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 Biotech in the third world: A hostage of eco-propa

Biotech in the third world: A hostage of eco-propaganda?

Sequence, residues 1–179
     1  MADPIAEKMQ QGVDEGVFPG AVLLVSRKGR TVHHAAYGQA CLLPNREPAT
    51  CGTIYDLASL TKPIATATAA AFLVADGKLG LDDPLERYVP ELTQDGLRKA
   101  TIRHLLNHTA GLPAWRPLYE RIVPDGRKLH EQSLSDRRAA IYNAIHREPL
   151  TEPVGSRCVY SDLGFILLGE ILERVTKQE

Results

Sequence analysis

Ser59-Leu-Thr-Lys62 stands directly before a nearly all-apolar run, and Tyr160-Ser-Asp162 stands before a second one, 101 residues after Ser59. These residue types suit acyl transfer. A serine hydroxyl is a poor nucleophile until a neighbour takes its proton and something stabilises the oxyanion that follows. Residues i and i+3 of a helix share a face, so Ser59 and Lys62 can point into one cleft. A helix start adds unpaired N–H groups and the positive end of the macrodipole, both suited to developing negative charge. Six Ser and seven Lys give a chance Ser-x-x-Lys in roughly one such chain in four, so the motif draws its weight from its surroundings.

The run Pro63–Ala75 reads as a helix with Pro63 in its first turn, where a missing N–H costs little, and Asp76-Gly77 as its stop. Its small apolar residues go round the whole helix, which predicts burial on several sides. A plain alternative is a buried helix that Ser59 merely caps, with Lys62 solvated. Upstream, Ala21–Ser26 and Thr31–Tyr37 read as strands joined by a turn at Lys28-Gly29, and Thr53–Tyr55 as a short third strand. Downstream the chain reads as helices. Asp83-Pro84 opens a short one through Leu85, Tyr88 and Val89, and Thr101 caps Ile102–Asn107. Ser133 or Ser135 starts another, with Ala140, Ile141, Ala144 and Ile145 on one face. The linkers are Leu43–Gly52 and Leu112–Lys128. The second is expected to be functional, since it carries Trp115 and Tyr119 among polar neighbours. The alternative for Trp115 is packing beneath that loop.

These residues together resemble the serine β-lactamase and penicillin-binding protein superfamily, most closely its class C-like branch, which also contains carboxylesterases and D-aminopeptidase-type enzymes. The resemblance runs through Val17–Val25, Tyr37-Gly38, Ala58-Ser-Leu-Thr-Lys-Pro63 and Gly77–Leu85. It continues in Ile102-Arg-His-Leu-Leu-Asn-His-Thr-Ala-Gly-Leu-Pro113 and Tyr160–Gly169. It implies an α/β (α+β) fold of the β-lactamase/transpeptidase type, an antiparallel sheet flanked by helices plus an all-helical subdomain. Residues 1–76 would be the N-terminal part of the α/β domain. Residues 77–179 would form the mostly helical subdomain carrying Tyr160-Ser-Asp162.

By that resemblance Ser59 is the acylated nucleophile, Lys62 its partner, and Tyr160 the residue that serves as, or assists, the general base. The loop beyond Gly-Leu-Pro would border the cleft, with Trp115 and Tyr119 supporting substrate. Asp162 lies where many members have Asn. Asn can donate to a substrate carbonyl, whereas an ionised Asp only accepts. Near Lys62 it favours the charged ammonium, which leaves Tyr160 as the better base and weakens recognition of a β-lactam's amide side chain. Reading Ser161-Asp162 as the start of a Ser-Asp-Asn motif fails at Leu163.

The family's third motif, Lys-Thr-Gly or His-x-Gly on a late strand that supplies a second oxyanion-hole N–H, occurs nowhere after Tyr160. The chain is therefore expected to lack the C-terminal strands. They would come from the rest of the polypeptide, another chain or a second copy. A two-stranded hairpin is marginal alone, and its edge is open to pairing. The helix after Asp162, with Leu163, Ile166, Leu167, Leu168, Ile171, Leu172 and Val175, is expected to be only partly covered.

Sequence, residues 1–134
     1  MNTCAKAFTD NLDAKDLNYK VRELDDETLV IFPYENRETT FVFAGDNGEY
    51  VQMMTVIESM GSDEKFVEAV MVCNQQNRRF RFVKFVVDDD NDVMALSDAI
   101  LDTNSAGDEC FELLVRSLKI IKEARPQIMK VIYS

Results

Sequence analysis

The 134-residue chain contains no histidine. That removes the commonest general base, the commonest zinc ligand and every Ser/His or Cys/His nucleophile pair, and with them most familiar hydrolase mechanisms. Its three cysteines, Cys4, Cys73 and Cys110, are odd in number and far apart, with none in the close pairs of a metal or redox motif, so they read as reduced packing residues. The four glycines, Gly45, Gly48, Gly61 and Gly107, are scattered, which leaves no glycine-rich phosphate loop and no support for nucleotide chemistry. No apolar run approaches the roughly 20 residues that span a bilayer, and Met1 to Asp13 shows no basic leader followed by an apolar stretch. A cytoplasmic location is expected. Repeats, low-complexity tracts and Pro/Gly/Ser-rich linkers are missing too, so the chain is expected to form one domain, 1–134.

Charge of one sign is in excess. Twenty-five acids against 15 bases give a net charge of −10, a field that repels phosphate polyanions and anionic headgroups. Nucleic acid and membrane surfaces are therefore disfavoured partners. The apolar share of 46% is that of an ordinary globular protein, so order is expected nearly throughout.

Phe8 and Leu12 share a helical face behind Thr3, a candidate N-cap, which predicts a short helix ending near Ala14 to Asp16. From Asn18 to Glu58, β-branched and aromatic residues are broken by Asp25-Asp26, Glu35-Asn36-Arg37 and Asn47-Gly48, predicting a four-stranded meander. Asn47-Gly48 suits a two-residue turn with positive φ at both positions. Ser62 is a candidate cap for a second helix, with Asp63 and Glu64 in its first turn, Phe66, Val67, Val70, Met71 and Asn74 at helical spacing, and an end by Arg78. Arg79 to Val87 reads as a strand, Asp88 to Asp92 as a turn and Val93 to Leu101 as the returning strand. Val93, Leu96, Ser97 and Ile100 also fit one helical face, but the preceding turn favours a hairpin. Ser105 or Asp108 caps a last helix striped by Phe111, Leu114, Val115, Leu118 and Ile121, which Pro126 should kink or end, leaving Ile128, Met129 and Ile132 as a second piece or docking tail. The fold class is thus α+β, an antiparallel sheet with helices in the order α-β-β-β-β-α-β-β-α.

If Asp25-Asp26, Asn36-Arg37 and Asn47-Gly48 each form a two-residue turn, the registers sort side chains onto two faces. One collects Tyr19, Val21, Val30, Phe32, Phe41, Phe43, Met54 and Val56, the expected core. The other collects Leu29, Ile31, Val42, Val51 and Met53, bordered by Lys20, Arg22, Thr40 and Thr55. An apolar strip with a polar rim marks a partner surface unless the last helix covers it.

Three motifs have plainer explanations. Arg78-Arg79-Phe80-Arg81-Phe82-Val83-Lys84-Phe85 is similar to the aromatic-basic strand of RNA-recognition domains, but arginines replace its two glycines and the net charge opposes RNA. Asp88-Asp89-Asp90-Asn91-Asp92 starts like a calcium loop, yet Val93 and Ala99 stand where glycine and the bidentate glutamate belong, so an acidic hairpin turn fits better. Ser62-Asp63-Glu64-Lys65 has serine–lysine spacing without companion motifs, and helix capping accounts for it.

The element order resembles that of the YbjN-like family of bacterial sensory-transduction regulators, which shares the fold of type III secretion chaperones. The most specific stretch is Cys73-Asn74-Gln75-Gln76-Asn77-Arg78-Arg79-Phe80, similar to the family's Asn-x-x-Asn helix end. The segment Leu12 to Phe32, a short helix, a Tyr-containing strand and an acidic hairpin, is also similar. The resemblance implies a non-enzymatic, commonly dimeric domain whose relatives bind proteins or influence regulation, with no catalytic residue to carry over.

CHICAGO, July 20 (AFP) - The United Nations' recent intervention in thegreat debate over genetically-modified foods has provided a welcome boostto the embattled advocates of the technology.Just a few weeks before the UN Development Program came out touting thebenefits of GM crops for the developing world, biotech supporters had beenpounding out the same message at an industry gathering in San Diego,California.But where UN officials argued that Western-generated fears about biotechshould not prevent the developing world from capitalizing on thetechnology, industry advocates say that this opposition has already put acrimp in research funding and closed borders to exported GMO products.Environmental groups like Greenpeace and Friends of the Earth, theycharged, are standing in the way of scientific advances which could helpmeet the food needs of 1.3 billion people who live on less than one dollara day."It's what's putting the brakes on further development of the technologyin developing countries," said C. S. Prakash, director of the Center forPlant Biotechnology Research at Tuskegee University in Alabama.The groups are part of "a protest industry," whose main product is "fear,"added Prakash, a speaker at BIO 2001 in June in San Diego.Those fears have turned consumers in the West, notably in Europe, againstfoods which contain even the slightest trace of GMOs making some nationsreluctant to allow the cultivation of GMO crops for fear of jeopardizingtheir export markets.Thailand, the world's number one rice-exporting nation, banned commercialcultivation of GMO crops in 1999, but that was because of the uncertaintyover the safety of GMO foods, Thai officials insist -- not worries aboutlosing their lucrative export markets.The UN's Development Program went so far as to say that GMO crops could bea useful tool in dealing with the malnutrition that affects 800 millionpeople worldwide, in a report issued July 9.The debate about GMOs should not be driven by conservationists in the richcountries alone, it warned.The GMO lobby, however, claims that is precisely what has happened inspite of a lack of any hard scientific evidence demonstrating that foodscontaining GMOs are dangerous to humans, according to the GMO lobby."There are 44 million hectares of GM crops under cultivation, up to 10,000field trials of GM crops are carried out every year and yet there is noscientific evidence to show GMO products present a threat to humans," saidFlorence Wambugo, head of ISAAA, Cornell University's agri-biotechresearch center."All we have is hearsay."GMO critics respond that the onus to prove these foods are safe lies withthe producers and the Monsanto's of this world, not consumers."Where are the long-term studies on the impact of GM crops on human healthor the environment?" queried Greenpeace spokesman Craig Culp."There is no mandatory labeling of foods containing GM products, so thereis no way to identify the effect of those GMOs on humans."GMO critics also worry about the manufacturers of GM seeds monopolizingthe market in these agricultural inputs.But scientists such as Prakash point out that public-sector institutionsin countries such as the Philippines and Kenya are working on high-yieldrice, virus-resistant sweet potato and more nutritious strains of cassava-- crops that are staples in developing countries.Genetically-enhanced crops that are easier to cultivate (insect andpesticide-resistant), deliver higher yields and are less perishable, arean obvious way to boost local and regional agriculture in order to meetlocal food needs, he said.

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